Tenerife: Miradors, Mountains and Many Microclimates


When I think of the word holiday, I kind of associate a lazy energy with it. I suppose that’s what a holiday should be really: a time to unwind, de-stress and relax. But I also feel like it means placing emphasis on the sunbed more so than the adventure.

When I think of the word trip, there’s a little fire that ignites in my belly. It feels like I’ll be pioneering, exploring and intertwined with the beautiful. Oh, and the epic – never forgetting the epic.

So a week off work to go on a ‘holiday’ I guess I did. Only, the way we did things was more trip than holiday. We flew across to the beautiful Canarian island of Tenerife and ventured far and wide.

Tenerife has always intrigued me. It’s got volcanic soil, it’s got the mighty Teide that can be seen from almost everywhere on the island it seems, great food and lots of outdoor pursuits. It is also incredibly relaxed once you get away from the swarms of tourists in the southwest.

I never did the whole package/all-inclusive thing growing up and I still don’t really understand the appeal. But hey, that’s probably just me being judgemental. If you like that kinda thing, go for it. I just never understood why people fly all over the world only to sit in a hotel and eat the same food they would at home, surrounded by people who probably don’t live very far away from them! But perhaps I’ve missed the point?

No, not my style. If I travel somewhere, I want to understand the way people do things there – in that part of the world. I want to eat what they eat. I want to live how they live. I want to at least try to understand what makes the people tick. Travel has taught me that it’s the best way to learn, about the world obviously but also yourself. There’s nothing that’ll make you feel grateful about being able to drink your tap water quicker than going somewhere where the only choice is bottled. There’s nothing that will make you more grateful for tarmac and pavement than shitty dirt roads with mega pot holes.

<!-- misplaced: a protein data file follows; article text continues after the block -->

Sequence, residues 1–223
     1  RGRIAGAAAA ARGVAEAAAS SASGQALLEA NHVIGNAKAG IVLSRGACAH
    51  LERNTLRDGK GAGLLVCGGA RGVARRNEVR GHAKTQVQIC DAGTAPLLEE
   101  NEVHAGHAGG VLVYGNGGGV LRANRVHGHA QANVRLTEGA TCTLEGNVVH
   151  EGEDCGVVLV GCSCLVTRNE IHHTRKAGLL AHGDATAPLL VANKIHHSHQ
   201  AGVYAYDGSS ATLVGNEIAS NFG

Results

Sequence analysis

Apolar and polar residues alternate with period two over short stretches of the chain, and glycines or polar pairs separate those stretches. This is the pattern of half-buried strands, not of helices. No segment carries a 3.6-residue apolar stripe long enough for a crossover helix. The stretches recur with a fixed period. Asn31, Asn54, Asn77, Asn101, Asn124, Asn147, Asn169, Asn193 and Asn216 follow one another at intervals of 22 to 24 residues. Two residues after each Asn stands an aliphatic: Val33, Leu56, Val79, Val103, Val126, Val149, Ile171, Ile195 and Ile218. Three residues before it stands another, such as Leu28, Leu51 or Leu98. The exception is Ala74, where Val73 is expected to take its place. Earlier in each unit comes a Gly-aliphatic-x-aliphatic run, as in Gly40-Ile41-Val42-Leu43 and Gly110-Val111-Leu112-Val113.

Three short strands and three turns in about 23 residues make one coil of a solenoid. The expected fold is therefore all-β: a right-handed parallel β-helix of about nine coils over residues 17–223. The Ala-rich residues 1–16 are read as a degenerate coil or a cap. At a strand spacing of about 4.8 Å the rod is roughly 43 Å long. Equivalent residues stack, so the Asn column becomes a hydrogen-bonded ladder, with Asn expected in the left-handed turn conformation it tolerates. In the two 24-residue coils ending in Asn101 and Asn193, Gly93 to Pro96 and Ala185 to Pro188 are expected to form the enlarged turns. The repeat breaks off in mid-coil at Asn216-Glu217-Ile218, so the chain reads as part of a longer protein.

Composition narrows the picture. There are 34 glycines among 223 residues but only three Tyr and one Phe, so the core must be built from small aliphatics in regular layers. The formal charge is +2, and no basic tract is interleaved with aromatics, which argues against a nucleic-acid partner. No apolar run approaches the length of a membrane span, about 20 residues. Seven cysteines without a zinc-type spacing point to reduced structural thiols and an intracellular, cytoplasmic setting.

But it’s not really about going somewhere to suffer and thus look forward to going home (though, granted that’s one benefit). It’s about opening your eyes to how differently humans live around the planet. You might just learn a thing or two about life in the process.

For this trip, we Air BnB’d it up in Icod de los Vinos. Totally away from the tourists, our gracious host Andrés was a delight at the Finca de Bebedero. High on the clifftops overlooking the town and ocean below, we awoke each morning to orange trees, bird-of-paradise flowers and a happy purring resident kitty. It was truly paradise on earth.





From there, with our trusty little hire car we had the perfect base to explore the entire island as we pleased. This included the lost villages of the northeast: El Benijo and Taganana, Teide, Masca, Los Gigantes, Puerto de la Cruz and Garachico.

The Northeast

The drive across the island from Icod to Anaga National Park is ridiculous. In a good way. As you whiz past Puerto de la Cruz you start heading up the mountains and into lush greenery. An island with 11 microclimates, Tenerife continues to surprise you as you explore further. Mirador Cruz del Carmen should not be missed for an incredible view of the towns below and right across the island to the mighty Teide in the distance. From there, the drive continues north east to the laid-back surf villages of Taganana and El Benijo. Think: long windy roads and Indiana Jones vibes. We’re talking off-grid terrain that screams to be photographed.









From there we crossed to the south-coast where San Andrés meets you with its playfulness and Playa de las Teresitas wows with its imported white sand. Further down the coast Santa Cruz appears with its unexpected metropolitan sprawl as if out of nowhere.



One cannot go to Tenerife and not either climb or cable-car up Mt. Teide. The highest point in Spain at 3,700 metres, this volcano truly is majestic. The drive through the national park up to either the starting route of the walk at Montaña Blanca or the lower cable-car station starts to look more and more like one would imagine Mars might look. Oh, and your ears will tell you you’re increasing in altitude, even if your eyes don’t.